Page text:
For the best part of two years, I’ve been art-directing and designing for the digital cookbooks start-up, 1000 Cookbooks. Having been on the inside looking around this incredible resource for so long, I rather vainly considered that my own top-ten list was possibly of interest, not least because it’s been formulating in my head for most of the time I’ve been working on this project. So, start with #10 and then take a look at the rest, none of which appear in any order of preference…


#7 The Kitchen Diaries

Nigel Slater


#7_SMALL

The sun is so hot I cannot cross the stone slabs of the terrace in bare feet. I have absolutely no intention of cooking anything much in this heat. Instead I boil some new potatoes in their skins, drain them and cut them in half. I fry them cut-side down in olive oil in a shallow pan till their surfaces are crisp, golden and encrusted, then I drain them on kitchen paper and serve them with the remains of yesterday’s mayonnaise and a couple of bottles of very cold beer.”

That back-cover blurb communicates all that I enjoy so much about this book. To read that diary entry on a hot summer evening, I doubt there is anything I’d rather consume more than those new potatoes and beers. I’ve read several other passages in this way, feeling totally compelled to follow such recommendations to the letter. Indeed, I think Slater is probably the most persuasive British food writer in print. Much of that, I believe, comes down to him being such a fine writer.

It’s not just the recipes, but his impulses towards food that are so persuasive. He does more than merely tell you how good something is to eat. He tells you why you probably want to cook it and tells you what to expect once you have. He tells you that tomorrow is likely to bring rain, and that it might only be bin ends left by the time you make it to the bakery after your weekend lie-in. You can almost forget you’re reading the days he’s already lived and believe instead he’s forecasting tomorrow’s dinner and weather. The genius of the diaries is that they provide a format for Slater to do that which he does best –write. Here is life, laid out in all its simple, seductive honesty. (I remember reading Derek Jarman’s diaries around the time of buying this book – another fine writer, observer and lover of his own garden.) The diary format allows Slater’s writing to shine, but it also provides the book its crucial structure – that month-by-month backbone via which to explore the seasons of the year.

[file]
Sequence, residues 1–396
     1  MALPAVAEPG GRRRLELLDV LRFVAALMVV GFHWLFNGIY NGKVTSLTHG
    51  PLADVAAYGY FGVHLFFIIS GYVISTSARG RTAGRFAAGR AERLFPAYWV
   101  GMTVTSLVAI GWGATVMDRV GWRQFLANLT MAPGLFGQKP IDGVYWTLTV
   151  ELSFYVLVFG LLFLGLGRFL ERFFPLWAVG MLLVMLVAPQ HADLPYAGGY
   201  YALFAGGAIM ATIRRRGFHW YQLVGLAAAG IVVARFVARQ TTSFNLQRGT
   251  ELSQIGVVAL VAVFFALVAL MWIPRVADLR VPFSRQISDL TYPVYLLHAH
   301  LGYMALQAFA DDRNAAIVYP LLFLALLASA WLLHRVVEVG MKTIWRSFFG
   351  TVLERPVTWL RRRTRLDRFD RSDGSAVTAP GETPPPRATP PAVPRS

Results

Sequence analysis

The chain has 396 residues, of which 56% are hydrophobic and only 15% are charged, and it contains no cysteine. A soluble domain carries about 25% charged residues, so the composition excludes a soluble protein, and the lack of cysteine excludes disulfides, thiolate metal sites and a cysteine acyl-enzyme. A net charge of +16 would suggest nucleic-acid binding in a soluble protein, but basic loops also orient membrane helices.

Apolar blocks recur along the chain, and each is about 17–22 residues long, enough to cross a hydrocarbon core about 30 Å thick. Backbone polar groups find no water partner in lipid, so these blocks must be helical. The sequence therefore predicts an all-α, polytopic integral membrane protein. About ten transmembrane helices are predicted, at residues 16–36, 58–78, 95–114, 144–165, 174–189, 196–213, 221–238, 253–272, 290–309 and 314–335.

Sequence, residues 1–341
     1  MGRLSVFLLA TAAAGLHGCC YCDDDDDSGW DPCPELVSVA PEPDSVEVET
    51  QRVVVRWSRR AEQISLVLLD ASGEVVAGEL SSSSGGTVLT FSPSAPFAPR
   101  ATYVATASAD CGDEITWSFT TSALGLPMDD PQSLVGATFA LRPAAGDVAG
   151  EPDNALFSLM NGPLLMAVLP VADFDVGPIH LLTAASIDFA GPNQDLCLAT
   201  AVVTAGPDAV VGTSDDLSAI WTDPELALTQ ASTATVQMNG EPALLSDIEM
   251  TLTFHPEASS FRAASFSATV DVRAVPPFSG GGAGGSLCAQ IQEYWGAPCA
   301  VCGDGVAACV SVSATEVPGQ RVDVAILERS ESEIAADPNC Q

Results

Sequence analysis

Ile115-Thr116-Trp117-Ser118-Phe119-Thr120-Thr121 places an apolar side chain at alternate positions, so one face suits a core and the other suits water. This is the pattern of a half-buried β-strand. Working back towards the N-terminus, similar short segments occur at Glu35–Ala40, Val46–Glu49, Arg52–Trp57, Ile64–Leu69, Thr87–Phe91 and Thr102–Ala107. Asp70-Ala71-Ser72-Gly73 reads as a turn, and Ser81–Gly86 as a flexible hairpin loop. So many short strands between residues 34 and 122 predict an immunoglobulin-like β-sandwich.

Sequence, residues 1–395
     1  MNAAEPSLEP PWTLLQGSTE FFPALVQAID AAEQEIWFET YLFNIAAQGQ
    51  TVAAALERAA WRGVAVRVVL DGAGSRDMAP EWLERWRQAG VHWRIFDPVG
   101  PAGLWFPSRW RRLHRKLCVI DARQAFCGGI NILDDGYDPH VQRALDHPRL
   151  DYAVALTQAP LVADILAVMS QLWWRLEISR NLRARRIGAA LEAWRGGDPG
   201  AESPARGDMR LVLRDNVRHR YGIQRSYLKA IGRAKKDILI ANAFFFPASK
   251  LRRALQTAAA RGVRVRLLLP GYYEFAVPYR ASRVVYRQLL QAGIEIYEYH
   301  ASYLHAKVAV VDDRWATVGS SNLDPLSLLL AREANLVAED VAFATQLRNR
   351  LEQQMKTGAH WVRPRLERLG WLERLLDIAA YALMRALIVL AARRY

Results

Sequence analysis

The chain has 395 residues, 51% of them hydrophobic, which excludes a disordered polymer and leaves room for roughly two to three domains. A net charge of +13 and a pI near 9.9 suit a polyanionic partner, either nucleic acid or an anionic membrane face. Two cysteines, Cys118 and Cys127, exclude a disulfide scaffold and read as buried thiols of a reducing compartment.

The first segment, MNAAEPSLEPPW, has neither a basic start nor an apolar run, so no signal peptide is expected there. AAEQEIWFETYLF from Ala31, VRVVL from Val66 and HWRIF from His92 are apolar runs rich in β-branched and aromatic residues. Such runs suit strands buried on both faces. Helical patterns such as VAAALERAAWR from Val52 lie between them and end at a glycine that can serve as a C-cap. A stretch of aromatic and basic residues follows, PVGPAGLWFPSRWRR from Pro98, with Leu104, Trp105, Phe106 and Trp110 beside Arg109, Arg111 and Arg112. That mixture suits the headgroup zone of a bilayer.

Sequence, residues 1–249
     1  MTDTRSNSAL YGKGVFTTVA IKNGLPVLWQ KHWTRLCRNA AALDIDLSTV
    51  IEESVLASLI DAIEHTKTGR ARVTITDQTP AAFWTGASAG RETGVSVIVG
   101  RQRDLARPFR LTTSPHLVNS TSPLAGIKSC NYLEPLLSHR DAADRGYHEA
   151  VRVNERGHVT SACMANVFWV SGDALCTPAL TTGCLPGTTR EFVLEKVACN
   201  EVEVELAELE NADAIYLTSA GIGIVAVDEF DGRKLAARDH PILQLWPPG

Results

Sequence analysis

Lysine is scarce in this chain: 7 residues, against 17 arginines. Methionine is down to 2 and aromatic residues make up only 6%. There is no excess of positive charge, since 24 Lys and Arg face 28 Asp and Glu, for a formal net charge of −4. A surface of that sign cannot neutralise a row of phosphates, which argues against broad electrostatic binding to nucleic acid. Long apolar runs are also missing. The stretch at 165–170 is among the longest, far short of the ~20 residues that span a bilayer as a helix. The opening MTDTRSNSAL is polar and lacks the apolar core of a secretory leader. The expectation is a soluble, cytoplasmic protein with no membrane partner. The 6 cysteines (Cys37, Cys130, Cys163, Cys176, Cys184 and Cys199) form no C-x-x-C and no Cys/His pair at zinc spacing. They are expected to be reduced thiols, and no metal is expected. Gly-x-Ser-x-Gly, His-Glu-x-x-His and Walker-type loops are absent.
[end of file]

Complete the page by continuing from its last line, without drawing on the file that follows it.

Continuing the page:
Lamb chops with lemon and mint and potatoes crushed into the pan juices (May 7th) is one of my favourite things in the world to cook and eat. I know the recipe by heart, but I love to go back and read it from the page each time.

Finally, the book is produced beautifully, from the quarter-cloth binding, to Jonathan Lovekin’s over-his-shoulder photography and Sam Blok’s spare and beautiful design: an all-round triumph.